Posted: August 19, 1998
Contact: Doug Anderson, firstname.lastname@example.org, 651-201-1426
Calling all students. If you are thinking about going to college this fall, do not delay.
The 36 schools in the Minnesota State Colleges and Universities system are starting school this year earlier than they ever have before. Next Monday, August 24, before the corn dogs even go on sale at the Minnesota State Fair, some 145,000 students will hit the campuses ready to start their school year.
This early start date comes as a result of dividing the school year into two semesters rather than three quarters.
It's a big change, but a positive one," said Morris J. Anderson, chancellor of the Minnesota State Colleges and Universities. "It puts our 36 colleges and universities in synch with higher education institutions in the rest of the country, more than 80 percent of which are on a semester system." The University of Minnesota will switch to semesters next year.
In preparation for the change, every course on every campus has been modified to accommodate the longer semester length. Students will have more time to spend on each course since they will last for a semester rather than a quarter. Students will take final exams and register for classes only twice a year instead of three times.
With the early start, the first semester will end before the December holiday and the second semester will begin Jan. 11. The second semester will end in May, earlier than usual, so that students can get a jump-start on their summer job search.
In addition to the early back-to-school date, there are a host of other new happenings at Minnesota State Colleges and Universities this fall, Anderson said. Six colleges and universities have new presidents, St. Cloud State will be breaking ground for a new library, almost every campus is offering new programs and many schools are welcoming students to new or remodeled classrooms. Century College in White Bear Lake is offering Weekend College for the first time, Mankato State is planning a groundbreaking for the new Taylor Center athletic arena and Lake Superior College is offering 10 courses on the Internet.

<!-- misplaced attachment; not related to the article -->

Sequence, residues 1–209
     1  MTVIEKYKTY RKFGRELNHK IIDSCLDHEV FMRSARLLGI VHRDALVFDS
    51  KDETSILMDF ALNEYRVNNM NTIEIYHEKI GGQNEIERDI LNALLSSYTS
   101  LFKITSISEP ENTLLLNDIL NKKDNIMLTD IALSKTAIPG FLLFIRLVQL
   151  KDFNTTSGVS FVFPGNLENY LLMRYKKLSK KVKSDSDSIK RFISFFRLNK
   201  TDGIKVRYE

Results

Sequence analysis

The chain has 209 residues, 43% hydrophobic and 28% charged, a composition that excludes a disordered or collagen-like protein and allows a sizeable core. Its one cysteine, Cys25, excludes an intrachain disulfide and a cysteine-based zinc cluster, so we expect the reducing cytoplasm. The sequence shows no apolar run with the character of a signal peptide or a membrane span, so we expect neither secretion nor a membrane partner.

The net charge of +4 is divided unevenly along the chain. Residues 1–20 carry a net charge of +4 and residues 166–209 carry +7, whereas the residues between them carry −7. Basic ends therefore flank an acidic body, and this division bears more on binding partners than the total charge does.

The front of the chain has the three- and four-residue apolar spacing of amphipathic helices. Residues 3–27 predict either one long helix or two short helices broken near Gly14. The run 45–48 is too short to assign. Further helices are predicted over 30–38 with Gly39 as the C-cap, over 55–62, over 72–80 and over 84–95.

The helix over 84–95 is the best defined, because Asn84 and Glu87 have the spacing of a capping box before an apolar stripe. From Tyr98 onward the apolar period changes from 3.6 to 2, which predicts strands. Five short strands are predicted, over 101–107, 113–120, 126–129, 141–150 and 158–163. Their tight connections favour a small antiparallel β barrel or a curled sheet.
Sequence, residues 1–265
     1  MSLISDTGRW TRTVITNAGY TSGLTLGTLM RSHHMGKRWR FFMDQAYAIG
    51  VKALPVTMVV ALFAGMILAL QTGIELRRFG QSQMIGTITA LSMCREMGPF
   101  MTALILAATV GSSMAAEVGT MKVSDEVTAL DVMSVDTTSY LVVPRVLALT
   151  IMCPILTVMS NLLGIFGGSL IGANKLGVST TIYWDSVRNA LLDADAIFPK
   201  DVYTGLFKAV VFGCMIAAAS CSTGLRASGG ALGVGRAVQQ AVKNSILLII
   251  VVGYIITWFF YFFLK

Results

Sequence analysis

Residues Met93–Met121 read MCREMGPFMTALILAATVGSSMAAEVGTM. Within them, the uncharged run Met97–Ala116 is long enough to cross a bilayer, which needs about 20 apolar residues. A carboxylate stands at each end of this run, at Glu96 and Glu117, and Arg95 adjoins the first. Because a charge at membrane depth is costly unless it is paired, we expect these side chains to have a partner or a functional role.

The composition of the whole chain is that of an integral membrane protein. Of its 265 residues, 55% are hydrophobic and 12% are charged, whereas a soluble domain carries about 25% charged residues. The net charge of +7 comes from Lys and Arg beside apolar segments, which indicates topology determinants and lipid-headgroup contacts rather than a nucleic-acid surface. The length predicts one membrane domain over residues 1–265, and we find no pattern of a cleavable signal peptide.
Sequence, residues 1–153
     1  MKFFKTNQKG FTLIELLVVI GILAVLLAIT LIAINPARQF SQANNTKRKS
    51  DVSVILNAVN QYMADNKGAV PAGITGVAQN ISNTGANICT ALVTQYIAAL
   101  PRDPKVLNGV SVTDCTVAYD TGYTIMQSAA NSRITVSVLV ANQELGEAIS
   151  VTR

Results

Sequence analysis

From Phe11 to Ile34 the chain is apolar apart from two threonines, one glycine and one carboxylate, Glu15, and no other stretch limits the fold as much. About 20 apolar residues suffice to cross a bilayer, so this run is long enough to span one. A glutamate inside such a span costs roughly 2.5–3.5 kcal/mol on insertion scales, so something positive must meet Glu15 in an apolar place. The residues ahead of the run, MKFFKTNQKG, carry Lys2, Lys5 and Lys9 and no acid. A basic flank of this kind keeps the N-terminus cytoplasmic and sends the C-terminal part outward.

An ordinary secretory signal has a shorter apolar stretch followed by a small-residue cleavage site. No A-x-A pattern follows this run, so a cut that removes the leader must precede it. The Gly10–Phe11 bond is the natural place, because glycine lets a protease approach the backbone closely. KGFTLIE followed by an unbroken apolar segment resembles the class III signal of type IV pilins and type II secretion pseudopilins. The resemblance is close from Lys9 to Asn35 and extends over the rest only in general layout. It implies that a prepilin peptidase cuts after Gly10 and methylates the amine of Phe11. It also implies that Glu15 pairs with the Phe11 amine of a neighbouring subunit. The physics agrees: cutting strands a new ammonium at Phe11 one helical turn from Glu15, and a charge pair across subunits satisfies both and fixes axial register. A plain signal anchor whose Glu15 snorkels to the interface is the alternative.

Also new this year is a student recruitment campaign with the theme, "Go Places." High school counselors in Minnesota and surrounding states have been mailed copies of a colorful free guide to all Minnesota State Colleges and Universities. The guides are for distribution to high school students and others who want information about state colleges and universities, and can be obtained by calling the toll-free number 1-888-MNSCU-4-U.
Chancellor Anderson today greeted faculty at Minneapolis Community & Technical College as they returned to campus to begin preparing for the start of school. He also offered congratulations to Phillip Davis, the interim president of Minneapolis Community & Technical College, who was appointed permanent president of the college by the Minnesota State Colleges and Universities Board of Trustees in July. Minneapolis Community and Technical College serves about 6,000 students, with a full-time enrollment of 4,291.
The Minnesota State Colleges and Universities is the largest provider of higher education in the state of Minnesota. The system includes 36 state universities, community colleges, technical colleges and comprehensive community and technical colleges in 46 communities around Minnesota and a campus in Japan. The system serves approximately 145,000 students.
Minnesota's 31 state community and technical colleges, and universities serve more than 430,000 students across the state.